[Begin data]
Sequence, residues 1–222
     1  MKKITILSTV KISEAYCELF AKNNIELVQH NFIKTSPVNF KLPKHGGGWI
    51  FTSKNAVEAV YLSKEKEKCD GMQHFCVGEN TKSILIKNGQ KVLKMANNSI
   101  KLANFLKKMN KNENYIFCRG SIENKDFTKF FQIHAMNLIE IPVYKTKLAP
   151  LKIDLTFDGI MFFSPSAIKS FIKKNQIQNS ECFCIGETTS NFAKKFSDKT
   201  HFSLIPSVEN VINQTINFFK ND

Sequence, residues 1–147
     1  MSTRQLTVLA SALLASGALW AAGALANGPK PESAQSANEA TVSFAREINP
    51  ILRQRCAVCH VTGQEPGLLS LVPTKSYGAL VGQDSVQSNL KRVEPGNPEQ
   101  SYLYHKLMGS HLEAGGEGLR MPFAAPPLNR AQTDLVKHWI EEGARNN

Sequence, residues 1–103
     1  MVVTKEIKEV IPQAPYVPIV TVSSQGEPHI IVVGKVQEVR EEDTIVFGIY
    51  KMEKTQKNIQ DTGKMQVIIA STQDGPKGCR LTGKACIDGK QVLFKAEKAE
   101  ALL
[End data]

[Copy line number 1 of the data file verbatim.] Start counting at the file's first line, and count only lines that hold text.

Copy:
Sequence, residues 1–222